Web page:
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Discussion Starter · #1 ·
In flooring and cabinetry (read kitchen and bath remodels) it is an axiom that the wife drives the purchase and husbands are often jerks who don't want to spend any money because it cuts into big screen TV and beer money. While I've had prospects like this, I'm not sure it is true.

A good percentage of sales are men coming in alone, or couples. Frequently the husband makes most of the decisions, and/or tells the wife "anything you want" or upgrades the selections himself. Women tend to be tighter with a buck, often blaming the husband with "my husband isn't going to like I spent even this much..." I think they often lie - husbands who appreciate their wives usually will be quicker to do it and spend more to get exactly what they want, or think the wife wants. (IMO!!)

Questions: Do you have similar experience? If we try to mine the husband-as-only or primary motivator, will it work, and how to get to them?
 

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Nest Home Improvement
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I think it is different for each and every sales situation.

I recall a few years ago taking my wife to look at a new car for her. The car sales guy totally ignored my wife and only wanted to talk to me. Big mistake on his part as no sooner than we arrived we left and bought elsewhere.

My point is to try to go into all sales calls with an open mind and try to listen to and interact with all parties involved. That way you can try to cater to both of their needs.
 

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With mine, neither really drive the purchase but both come to the decision together. I would say the wife is always more concerned about the color and if the garden will get any debris in it while the husband is concerned with quality.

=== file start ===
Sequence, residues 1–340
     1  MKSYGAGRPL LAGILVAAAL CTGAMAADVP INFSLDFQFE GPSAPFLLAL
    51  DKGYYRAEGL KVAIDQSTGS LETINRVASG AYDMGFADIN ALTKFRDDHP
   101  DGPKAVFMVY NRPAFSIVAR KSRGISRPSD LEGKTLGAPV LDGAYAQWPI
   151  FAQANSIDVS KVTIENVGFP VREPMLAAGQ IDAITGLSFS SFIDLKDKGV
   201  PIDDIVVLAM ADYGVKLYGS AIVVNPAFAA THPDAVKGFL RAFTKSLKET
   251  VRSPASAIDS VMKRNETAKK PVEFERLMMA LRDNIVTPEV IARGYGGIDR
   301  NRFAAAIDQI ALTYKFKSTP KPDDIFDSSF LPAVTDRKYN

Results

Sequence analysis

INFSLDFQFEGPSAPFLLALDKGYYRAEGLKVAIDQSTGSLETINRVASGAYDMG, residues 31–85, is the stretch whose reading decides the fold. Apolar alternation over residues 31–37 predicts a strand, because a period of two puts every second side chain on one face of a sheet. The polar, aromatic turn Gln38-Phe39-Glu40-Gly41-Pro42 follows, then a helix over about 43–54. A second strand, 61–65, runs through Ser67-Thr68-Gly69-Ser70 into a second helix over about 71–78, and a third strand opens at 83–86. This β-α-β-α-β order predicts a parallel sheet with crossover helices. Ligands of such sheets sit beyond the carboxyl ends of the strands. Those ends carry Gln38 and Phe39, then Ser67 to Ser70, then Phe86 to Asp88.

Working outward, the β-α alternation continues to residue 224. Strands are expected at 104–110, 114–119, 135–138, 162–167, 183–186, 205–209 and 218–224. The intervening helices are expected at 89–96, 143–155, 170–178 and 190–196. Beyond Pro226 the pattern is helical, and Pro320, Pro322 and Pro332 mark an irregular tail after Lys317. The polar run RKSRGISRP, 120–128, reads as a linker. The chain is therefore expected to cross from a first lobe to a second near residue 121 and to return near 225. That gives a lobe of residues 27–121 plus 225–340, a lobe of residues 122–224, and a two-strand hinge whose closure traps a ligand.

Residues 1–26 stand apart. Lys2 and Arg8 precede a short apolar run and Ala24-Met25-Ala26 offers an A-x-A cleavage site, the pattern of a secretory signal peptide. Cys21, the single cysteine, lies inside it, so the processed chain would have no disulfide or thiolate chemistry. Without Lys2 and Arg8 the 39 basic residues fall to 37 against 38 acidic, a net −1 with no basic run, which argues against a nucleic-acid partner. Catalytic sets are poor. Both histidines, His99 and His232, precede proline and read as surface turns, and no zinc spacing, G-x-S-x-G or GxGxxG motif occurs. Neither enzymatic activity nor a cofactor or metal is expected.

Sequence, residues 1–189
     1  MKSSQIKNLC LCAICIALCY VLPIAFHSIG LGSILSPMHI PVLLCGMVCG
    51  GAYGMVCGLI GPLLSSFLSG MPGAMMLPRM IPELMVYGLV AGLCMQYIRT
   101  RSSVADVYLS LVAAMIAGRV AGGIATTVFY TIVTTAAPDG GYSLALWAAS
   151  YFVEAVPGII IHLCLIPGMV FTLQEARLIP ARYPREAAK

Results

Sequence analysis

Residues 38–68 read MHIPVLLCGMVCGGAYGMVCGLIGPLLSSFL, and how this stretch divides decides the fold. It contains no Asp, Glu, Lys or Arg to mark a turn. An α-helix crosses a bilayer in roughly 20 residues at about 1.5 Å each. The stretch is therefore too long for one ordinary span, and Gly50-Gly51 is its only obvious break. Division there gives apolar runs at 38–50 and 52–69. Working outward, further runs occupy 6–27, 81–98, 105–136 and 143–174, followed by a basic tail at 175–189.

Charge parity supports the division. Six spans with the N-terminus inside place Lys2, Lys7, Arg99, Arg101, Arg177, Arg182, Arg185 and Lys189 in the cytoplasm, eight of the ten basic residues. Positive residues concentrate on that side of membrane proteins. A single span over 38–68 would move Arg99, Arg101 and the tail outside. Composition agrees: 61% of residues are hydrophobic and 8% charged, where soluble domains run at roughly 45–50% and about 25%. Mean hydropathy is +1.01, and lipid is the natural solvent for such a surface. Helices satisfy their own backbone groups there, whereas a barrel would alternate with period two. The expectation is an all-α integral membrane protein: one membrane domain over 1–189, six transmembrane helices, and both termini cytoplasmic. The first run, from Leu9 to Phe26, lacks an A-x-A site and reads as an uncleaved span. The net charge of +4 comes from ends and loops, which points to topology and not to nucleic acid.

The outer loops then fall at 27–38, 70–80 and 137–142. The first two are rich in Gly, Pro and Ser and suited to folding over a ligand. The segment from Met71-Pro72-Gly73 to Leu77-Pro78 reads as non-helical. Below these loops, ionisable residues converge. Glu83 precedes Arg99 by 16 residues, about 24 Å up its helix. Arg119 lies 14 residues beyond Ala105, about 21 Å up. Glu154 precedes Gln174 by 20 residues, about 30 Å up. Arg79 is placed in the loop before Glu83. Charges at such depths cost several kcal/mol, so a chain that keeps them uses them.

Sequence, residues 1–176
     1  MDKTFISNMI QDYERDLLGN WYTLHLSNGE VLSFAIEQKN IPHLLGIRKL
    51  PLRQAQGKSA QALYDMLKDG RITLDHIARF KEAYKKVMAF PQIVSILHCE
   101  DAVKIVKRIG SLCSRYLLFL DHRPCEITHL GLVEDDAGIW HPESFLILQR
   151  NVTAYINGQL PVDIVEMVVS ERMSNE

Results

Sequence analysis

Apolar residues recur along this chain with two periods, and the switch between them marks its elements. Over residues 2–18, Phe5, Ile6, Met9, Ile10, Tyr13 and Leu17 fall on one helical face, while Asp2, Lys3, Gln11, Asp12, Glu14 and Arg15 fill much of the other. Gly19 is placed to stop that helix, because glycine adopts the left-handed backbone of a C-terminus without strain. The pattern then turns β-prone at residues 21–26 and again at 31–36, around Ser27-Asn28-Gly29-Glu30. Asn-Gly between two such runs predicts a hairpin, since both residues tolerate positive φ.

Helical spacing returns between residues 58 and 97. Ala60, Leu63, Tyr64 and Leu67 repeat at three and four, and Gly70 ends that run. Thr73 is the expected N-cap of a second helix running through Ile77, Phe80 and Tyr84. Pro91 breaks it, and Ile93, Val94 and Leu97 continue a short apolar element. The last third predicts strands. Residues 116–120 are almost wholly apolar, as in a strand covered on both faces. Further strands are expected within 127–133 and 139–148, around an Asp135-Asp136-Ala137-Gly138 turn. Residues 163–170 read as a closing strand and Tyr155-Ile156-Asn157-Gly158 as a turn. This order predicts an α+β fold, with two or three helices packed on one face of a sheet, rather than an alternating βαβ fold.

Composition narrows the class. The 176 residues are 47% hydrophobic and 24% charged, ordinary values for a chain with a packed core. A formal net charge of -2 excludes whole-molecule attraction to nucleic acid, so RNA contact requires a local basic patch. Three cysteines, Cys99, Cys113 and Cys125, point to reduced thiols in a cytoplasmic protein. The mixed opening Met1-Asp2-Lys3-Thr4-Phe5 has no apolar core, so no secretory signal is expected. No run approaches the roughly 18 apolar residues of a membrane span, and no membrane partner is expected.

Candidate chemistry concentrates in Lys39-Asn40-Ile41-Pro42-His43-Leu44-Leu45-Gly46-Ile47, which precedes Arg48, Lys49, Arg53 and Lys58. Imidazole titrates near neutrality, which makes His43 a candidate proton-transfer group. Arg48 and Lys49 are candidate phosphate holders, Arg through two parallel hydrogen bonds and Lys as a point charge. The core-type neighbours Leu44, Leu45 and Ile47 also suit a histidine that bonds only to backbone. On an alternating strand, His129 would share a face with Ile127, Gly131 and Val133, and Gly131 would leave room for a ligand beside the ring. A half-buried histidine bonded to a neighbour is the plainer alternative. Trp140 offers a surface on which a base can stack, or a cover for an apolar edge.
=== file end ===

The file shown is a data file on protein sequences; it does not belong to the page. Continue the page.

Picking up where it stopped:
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I've found you have to play to both the husband and wifes interests. With the husband sell your quality materials and installation techniques and with the wife get your wrist a little limp ;) and discuss the colors and other design aspects of the job. If you can do this I feel you have a better chance at scoring the job vs just selling one or the other.IMO
 

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In flooring and cabinetry (read kitchen and bath remodels) it is an axiom that the wife drives the purchase and husbands are often jerks who don't want to spend any money because it cuts into big screen TV and beer money. While I've had prospects like this, I'm not sure it is true.

A good percentage of sales are men coming in alone, or couples. Frequently the husband makes most of the decisions, and/or tells the wife "anything you want" or upgrades the selections himself. Women tend to be tighter with a buck, often blaming the husband with "my husband isn't going to like I spent even this much..." I think they often lie - husbands who appreciate their wives usually will be quicker to do it and spend more to get exactly what they want, or think the wife wants. (IMO!!)